Applying these standards, Pemex concludes that the arbitrators' own statement that the award was not intended to be a final disposition of the merits precludes this Court from confirming it.
Given the equitable relief granted, this Court cannot accept Pemex's argument. This award is not a partial resolution of the parties' claims as an intermediate step in an ongoing arbitral process
but, in effect, a grant of a preliminary injunction. As noted above, the arbitrators themselves preceived the request in such terms.
To accept Pemex's argument, and preclude Southern from enforcing the award, would render meaningless the arbitrators' power to grant such equitable relief. Pemex does not dispute that the arbitrators had the authority to reduce the Notice of Claim or eliminate it altogether upon a finding or irreparable harm. AS out Court of Appeals has expressly stated, not only do arbitrators have traditional powers of equity, "[u]nder New York law [they] have power to fashion relief that a court might not properly grant."
Just as a district court's grant of a preliminary injunction is reviewable as a discrete and separate ruling apart from any decision on the merits,
so too is an arbitration award granting similar equitable relief.
No undue intrusion upon the arbitral process results from a finding that such an award is ripe for confirmation. Although such relief is to some extent dependent upon an appraisal of, it is nevertheless distinct from a determination on, the merits. For example, the arbitrators here expressly held that Pemex was free to offer evidence of claims in excess of $350,000 upon the arbitration proper; and indeed, they also made it clear that the $350,000 "cap" was subject to reduction upon further consideration.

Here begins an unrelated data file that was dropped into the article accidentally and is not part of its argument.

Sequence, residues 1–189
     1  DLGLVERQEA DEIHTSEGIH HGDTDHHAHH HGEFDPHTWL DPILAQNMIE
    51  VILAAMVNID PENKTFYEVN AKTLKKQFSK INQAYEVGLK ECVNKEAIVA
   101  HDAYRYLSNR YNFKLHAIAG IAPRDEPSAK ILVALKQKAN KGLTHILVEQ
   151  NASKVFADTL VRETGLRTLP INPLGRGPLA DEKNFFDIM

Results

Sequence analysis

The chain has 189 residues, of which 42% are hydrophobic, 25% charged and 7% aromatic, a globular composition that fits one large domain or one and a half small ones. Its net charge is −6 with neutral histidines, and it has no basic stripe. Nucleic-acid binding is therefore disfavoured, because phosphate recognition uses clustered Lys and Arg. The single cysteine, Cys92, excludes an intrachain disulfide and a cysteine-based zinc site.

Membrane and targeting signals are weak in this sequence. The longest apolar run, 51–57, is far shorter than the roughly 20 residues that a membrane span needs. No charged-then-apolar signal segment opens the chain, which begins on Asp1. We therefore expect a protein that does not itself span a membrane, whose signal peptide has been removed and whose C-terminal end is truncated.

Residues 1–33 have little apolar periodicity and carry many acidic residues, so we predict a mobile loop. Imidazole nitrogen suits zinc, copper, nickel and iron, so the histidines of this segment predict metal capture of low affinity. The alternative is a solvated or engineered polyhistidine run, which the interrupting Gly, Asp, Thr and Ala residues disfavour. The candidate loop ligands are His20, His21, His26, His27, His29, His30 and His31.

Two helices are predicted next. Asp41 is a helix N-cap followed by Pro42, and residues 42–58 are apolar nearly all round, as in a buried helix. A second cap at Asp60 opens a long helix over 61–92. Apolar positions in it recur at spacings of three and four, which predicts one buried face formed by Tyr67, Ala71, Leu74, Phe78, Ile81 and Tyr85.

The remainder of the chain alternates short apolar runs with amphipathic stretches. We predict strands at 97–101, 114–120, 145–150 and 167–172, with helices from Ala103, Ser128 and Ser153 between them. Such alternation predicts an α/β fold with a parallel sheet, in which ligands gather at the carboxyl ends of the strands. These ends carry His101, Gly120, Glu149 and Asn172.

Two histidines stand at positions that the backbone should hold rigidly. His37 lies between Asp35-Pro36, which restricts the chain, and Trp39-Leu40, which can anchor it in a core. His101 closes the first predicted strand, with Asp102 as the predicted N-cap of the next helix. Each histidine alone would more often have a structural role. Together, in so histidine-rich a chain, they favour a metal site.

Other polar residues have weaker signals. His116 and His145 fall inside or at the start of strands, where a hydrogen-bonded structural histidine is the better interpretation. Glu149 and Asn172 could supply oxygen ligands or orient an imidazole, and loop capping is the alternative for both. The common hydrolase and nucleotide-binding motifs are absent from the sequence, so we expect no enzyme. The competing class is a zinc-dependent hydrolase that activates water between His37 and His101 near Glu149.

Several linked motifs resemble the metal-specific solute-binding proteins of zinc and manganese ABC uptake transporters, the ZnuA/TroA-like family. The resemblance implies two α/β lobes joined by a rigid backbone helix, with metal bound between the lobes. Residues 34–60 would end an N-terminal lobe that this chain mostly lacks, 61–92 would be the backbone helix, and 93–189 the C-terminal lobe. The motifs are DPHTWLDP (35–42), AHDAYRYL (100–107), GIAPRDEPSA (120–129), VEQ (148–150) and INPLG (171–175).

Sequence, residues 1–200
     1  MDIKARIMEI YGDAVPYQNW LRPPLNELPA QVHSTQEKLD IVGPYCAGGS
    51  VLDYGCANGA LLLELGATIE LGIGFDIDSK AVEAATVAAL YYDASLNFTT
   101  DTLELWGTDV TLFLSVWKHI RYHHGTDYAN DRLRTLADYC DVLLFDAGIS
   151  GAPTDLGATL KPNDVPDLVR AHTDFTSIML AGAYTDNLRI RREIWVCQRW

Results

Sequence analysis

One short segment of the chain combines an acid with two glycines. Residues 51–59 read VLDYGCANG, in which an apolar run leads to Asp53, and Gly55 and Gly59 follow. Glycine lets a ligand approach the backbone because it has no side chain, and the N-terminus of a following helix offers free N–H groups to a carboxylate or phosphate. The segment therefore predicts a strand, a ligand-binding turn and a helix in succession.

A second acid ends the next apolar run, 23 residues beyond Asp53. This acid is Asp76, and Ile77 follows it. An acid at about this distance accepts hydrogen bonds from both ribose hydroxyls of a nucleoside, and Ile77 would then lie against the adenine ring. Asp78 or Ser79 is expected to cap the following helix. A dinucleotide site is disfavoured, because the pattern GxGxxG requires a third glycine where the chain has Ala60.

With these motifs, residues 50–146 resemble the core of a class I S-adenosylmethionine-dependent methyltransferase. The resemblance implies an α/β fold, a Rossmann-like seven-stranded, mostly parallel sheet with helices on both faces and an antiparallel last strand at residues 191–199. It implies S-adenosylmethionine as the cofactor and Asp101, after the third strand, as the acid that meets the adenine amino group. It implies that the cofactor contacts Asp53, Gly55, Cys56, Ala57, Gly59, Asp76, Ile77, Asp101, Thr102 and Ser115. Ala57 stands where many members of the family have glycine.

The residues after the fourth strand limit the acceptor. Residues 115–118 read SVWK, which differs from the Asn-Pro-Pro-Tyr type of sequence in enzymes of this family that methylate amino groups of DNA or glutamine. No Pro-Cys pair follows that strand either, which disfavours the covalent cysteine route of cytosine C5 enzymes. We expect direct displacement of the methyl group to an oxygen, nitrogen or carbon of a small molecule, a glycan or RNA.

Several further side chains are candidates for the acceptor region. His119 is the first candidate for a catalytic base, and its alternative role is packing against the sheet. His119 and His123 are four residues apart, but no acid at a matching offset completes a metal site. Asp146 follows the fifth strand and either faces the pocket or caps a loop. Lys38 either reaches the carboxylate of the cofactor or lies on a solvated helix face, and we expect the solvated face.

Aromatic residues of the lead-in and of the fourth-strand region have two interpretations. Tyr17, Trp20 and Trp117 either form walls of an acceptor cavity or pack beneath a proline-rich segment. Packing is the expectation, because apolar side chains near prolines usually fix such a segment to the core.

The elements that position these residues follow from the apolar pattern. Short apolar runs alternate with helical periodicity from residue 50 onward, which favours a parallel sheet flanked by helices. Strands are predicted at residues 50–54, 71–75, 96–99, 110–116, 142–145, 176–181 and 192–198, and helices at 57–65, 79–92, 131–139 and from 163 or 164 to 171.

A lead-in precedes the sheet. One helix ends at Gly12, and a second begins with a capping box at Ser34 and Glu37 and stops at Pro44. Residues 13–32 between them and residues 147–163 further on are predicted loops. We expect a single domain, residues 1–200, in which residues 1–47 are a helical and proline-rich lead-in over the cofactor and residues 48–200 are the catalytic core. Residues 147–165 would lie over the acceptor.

That the arbitrators labeled their decision an "interim" award cannot overcome the fact that if an arbitral award of equitable relief based upon a finding of irreparable harm is to have any meaning at all, the parties must be capable of enforcing or vacating it all the time it is made. Such an award is not "interim" in the sense of being an "intermediate" step toward a further end. Rather, it is an end in itself, for its very purpose is to clarify the parties" rights in the "interim" period pending a final decision on the merits. The only meaningful point at which such an award may be enforced is when it is made, rather than after the arbitrators have completely concluded consideration of all the parties' claims.
These same considerations supported a finding that an "interim" award of equitable relief was ripe for confirmation in Sperry international Trade, inc. v. Government of israel.6 There, the Court rejected arguments that an arbitrators' order to place a disputed $15 million dollar letter of credit in escrow pending a decision on the merits of the parties' claims was not final. Instead, it found that the award was severable from the merits and because, by its nature, it required "affirmative action," the award would be rendered a meaningless exercise of the arbitrators' powers if left unenforced.
Just as in Sperry, the very purpose of the arbitrators' award here -- reducing the Notice of Claim of Lien upon a showing of irreparable harm -- would be frustrated if the parties' ability to enforce it were left until after a complete resolution of the merits. Accordingly, the Court ...